WE MUST METABOLIZE ALCOHOL, CHANGE IT IN ESSENCE, TO TOLERATE IT. And we all metabolize it very differently due to factors like genetic tolerance, ethnicity and genetic background, our age, our body size, our gender, our individual combinations of conversion enzymes, etc.
“The moderate-vs-heavy guidelines are the experts’ best guess at the amount of alcohol that can be consumed with statistically minimal risk, while still accounting for what a lot of people are probably going to do anyway: drink.
It doesn’t mean that moderate drinking is risk-free."
DRINKING IS FUN!
For many of, this is a true statement! Alcohol gives you pleasure, a sense of relaxation, opens up creativity in some people (helps you think outside the box), it can give you a sense of social connection.
“Drinking or not drinking isn’t about “healthy vs. not”. It’s about tradeoffs."
The decision TO DRINK or NOT TO DRINK should be dependent on your personal goals.
It may be a simple “yes” or “no”.
Saying "yes" to six-pack abs might mean saying “no” to a few drinks at the bar.
Saying “yes” to Friday happy hour might mean saying “no” to your Saturday morning workout.
Saying “yes” to marathon training might mean saying “no” to boozy Sunday brunches.
Saying “yes” to better sleep (and focus, and mood) might mean saying “no” to your daily wine with dinner.
Saying “yes” to moderate alcohol consumption might mean finding a way to say “no” to stress triggers (or human triggers) that make you want to drink more.
Or it may be where you’re willing to move along the continuum.
Maybe you’re willing to practice drinking more slowly and mindfully, but you’re not willing to decrease your total alcohol intake.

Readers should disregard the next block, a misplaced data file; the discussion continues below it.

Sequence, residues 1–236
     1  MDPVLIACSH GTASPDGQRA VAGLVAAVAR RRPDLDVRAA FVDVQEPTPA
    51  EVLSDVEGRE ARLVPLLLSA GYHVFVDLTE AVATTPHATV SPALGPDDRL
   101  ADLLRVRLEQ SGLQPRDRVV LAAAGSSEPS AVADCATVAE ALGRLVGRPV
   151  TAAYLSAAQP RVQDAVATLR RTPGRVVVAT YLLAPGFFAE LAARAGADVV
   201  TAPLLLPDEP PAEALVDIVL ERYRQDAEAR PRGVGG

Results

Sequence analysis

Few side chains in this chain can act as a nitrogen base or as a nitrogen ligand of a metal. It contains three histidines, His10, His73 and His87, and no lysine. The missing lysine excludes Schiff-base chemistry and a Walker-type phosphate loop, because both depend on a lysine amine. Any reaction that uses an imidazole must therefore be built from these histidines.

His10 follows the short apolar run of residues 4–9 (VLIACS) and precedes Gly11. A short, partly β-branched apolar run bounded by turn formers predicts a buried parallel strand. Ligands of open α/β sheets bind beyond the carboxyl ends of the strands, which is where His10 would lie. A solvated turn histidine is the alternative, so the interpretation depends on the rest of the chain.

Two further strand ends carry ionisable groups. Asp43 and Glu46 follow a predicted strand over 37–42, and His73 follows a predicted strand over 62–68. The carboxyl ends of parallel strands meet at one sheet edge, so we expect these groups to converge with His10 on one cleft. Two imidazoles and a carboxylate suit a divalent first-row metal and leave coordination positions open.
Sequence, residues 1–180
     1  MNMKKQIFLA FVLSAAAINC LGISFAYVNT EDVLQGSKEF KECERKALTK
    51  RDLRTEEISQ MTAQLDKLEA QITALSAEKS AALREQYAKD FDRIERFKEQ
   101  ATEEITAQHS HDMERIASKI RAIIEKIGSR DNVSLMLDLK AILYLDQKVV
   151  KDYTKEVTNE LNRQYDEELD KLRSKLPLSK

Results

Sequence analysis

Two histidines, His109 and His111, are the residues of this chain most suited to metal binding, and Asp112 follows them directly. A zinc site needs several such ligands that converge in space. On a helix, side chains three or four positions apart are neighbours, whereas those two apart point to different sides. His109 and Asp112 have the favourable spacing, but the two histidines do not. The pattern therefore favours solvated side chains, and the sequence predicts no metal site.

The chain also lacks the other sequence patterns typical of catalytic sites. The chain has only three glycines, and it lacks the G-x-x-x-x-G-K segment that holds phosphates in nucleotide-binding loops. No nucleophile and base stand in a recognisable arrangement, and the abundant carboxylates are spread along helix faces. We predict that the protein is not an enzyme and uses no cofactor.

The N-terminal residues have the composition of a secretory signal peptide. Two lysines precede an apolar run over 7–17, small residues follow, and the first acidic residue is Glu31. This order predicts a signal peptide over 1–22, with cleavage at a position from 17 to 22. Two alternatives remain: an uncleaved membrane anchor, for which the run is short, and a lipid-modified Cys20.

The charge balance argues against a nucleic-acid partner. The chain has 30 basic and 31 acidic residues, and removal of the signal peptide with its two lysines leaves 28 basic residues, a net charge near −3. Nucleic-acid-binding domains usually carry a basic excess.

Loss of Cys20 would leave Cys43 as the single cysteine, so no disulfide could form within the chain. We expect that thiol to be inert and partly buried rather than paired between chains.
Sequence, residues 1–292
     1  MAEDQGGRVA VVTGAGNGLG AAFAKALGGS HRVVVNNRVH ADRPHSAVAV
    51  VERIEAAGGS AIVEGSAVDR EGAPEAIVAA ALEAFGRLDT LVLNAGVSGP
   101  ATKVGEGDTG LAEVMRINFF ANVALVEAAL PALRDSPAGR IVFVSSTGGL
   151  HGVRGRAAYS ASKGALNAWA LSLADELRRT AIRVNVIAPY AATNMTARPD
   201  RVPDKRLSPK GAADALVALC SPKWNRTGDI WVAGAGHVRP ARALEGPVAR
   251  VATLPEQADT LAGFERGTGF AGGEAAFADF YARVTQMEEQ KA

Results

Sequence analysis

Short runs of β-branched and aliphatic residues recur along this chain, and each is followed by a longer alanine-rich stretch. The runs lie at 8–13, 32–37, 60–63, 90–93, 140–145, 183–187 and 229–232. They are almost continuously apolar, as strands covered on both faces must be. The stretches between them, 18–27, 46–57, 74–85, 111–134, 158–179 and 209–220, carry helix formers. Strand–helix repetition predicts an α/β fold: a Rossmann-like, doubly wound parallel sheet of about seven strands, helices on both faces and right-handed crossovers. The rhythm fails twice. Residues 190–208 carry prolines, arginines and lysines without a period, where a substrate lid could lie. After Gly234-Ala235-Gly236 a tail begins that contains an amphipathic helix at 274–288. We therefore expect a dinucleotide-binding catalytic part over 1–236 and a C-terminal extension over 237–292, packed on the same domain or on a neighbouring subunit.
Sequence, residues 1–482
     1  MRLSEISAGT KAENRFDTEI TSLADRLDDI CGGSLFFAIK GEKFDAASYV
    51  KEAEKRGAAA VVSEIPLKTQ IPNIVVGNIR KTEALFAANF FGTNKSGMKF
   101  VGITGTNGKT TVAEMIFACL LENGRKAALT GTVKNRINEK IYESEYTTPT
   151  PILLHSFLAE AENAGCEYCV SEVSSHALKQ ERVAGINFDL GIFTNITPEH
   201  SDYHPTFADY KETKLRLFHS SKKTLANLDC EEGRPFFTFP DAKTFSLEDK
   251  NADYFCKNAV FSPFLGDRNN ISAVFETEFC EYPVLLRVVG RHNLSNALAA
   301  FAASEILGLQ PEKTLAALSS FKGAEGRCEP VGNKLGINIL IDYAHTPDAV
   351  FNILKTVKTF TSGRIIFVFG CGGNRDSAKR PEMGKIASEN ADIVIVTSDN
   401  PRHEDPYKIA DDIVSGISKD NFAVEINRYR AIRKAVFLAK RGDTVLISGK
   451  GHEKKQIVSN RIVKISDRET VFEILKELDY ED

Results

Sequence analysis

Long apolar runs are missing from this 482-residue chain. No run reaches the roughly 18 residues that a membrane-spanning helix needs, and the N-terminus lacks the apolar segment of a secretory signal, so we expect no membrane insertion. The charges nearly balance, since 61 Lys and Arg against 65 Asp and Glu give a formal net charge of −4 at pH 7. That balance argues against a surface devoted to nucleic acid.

Maybe you’re trying to lose weight, so you’d consider drinking a little less. Like 2 beers instead of 3, but not 0.
Or, maybe you’re willing to stay sober during most social situations, but you’re not willing to endure your partner’s office party without a G&T on hand.
"You can write your own 'Owner’s Manual' for YOU as a unique individual.
Guidelines for drinking don’t tell us who YOU are or what effects alcohol has on YOU.
So let’s forget about 'expert' advice for just a moment.
Instead, let’s try letting your body lead.”
TODAY’S NUTRITIONAL CHALLENGE IS BASED ON SOME TIPS FROM PRECISION NUTRITION.
1. Observe your drinking habits: Keep track of all the alcohol you drink for a week or two (here’s a worksheet to help you).
Next, review the data. Ask:
Am I drinking more than I thought?
Is my drinking urgent, mindless, or rushed? Slamming drinks back without stopping to savor them can be a sign that drinking is habitual, not purposeful.
Are there themes or patterns in my drinking? Perhaps you habitually drink on a Friday because your job is really stressful.
Is alcohol helping me enjoy life, or is it stressing me out? If you’re not sleeping well or feeling worried about the drinking, the cost can outweigh the benefit.
Does alcohol bring any unwanted friends to the party? Binge eating, drug use, texting your ex?
If any of the answers to these questions raise red flags for you, consider cutting back and seeing how you feel.
2. Notice how alcohol affects your body.
Do I generally feel good? Simple, but telling.
Am I recovering? How’s my physical performance after drinking? If I were to hit the gym on Saturday morning after a Friday night social, how would I feel and perform?
What happens afterwards? Do I get a hangover, upset stomach, poor sleep, puffiness/bloating and/or other discomfort?
How does the extra energy intake work for my goals? Is alcohol adding some calories that I don’t want? Am I trying to lose weight, for instance?